What a week! The CMJ Music Marathon 2010 in New York City was pretty much nonstop musical motion for WMSE. From Monday of last week until last Saturday evening, the WMSE music and promotions team (Erin and Ryan) were present to learn about the latest goings-on in the music industry and college radio, share the word about the Mighty 91 and Milwaukee music, meet fellow music directors and promoters and navigate various venues across New York City to hear some of the best new music college radio is spinning.
Last Tuesday, we began our CMJ week by sitting in on a panel called “The Future of the Music Business? Really?”. Really. We wanted to find out just what was up with the popularity and mainstay of digital media and learn the ups and downs straight from the mouths of the pros, which included Michael Harris (EMI Music) and Cliff Chenfeld of Razor & Tie. The CMJ college mixer (mentioned in a previous post) was a great way to meet our college radio peers, too. By far, though, Thursday was officially the biggest day of CMJ — WMSE kicked it off by heading off to school (the campus of New York University) for some panels, then some music…
Vice President of the CMJ Network, Rev. Moose and CMJ Editorial Senior Editor and Radio Relations Manager Lisa Hresko fronted a meet-up for music directors and also a panel on marketing and promoting in college radio — more than a half an hours’ worth of questions from various college radio peers provided some great insights into hurdles college stations are sharing. After lunch, I caught La Sera with Ruben from Hardly Art Records at Arlene’s Grocery. Are you familiar with garage-girl group Vivian Girls? If so, then La Sera shouldn’t be quite so unfamiliar, even though they’re shiny-new.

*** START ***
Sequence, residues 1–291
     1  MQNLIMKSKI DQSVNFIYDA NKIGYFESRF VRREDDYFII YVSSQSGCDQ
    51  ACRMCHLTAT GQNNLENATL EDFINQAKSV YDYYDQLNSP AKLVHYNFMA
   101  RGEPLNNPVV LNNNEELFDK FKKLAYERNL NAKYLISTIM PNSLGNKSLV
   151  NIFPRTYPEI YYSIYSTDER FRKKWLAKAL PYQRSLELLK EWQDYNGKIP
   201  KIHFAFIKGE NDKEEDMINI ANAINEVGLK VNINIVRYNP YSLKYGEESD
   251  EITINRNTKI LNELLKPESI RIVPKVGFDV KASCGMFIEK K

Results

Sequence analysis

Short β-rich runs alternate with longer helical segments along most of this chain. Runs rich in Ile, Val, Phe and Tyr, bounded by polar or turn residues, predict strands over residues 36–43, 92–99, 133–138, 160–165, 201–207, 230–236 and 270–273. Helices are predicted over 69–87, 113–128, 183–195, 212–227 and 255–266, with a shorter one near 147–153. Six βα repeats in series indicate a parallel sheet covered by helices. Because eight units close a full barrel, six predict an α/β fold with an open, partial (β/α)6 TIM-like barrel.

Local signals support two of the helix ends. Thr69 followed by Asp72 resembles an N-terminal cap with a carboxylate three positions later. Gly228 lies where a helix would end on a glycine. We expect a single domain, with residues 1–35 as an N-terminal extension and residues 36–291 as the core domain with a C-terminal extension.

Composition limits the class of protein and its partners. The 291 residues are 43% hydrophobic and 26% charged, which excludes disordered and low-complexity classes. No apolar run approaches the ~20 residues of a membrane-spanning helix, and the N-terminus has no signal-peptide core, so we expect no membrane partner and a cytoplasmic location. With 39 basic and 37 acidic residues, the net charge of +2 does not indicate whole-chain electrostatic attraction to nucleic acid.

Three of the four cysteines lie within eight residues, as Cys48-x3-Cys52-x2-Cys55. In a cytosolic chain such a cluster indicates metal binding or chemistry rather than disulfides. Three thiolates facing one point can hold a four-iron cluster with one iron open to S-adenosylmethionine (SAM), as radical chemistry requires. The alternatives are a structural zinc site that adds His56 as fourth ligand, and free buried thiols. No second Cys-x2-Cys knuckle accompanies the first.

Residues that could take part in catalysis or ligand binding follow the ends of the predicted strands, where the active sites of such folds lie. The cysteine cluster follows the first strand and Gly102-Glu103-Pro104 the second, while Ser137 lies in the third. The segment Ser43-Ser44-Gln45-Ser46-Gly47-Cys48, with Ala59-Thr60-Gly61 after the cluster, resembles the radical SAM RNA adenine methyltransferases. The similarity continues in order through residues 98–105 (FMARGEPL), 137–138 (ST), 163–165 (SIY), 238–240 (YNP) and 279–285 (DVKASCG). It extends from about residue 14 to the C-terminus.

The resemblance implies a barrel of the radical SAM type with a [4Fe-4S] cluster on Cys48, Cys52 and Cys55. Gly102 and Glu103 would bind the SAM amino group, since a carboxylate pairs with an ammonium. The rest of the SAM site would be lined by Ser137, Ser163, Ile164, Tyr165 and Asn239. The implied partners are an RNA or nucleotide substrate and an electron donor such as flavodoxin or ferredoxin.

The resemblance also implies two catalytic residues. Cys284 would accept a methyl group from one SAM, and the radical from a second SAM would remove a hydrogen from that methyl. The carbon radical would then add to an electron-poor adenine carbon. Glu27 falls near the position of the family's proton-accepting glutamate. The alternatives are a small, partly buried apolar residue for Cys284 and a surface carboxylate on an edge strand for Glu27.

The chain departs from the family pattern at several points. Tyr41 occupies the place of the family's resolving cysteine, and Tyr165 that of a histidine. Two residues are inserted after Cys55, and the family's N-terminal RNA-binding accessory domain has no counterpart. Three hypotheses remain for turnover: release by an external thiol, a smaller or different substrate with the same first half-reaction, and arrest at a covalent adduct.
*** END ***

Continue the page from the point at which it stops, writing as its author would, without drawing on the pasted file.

VG bassist/drummer/vocalist Katy Goodman continues the old-school rock vibes with her own music and has added guitarist Jenn Prince and drummer/keyboardist Brady Hall to fill in for a super-catchy, power-trio attack. In between songs, the band divulged jokingly that they had played a yacht party the day before and Kim Kardashian had rolled up to the dock in her SUV, only to take one look at them on the boat, roll up the window, and drive away. Yachts just aren’t the welcoming places they used to be…
Later that evening, we headed over to Pianos to check out fellow Wisconsinte, Sean Carey’s (S. Carey) new solo project [he’s the drummer for Bon Iver when BV is on tour]. S. Carey’s new album, All We Grow, is full of understated beauty and it was even more evident, live, as Carey sat behind a set of keys, flanked by pals on cello, guitar and violin (Bon Iver’s Mike Noyce), playing on subtle instrumentation and choral-ized vocals. It was a great kick-off to what would eventually end as a more raucous showcase. Carey ended his set with a cover of David Bazan’s “Lost My Shape” from his latest, Curse Your Branches, leaving the audience in rapt appreciation and making the whole idea of showcases feel unsatisfying. Four-five songs from each band sometimes isn’t nearly enough, it seems.